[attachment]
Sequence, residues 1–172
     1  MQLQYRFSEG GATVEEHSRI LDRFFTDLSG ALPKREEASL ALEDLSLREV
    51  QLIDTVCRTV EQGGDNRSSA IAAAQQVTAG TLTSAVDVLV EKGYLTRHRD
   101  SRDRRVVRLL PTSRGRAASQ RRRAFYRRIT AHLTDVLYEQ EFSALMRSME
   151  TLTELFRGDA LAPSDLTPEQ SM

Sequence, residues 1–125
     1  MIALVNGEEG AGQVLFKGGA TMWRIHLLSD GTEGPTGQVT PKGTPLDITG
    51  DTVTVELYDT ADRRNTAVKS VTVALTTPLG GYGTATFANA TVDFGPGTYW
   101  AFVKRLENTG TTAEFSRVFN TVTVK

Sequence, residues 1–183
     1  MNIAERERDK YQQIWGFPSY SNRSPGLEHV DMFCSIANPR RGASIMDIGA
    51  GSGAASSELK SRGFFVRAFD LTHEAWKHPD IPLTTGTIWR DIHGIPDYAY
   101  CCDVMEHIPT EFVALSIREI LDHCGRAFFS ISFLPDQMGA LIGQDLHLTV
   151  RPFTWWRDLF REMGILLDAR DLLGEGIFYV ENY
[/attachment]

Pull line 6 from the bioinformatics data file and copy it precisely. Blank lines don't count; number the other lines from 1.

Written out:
Sequence, residues 1–125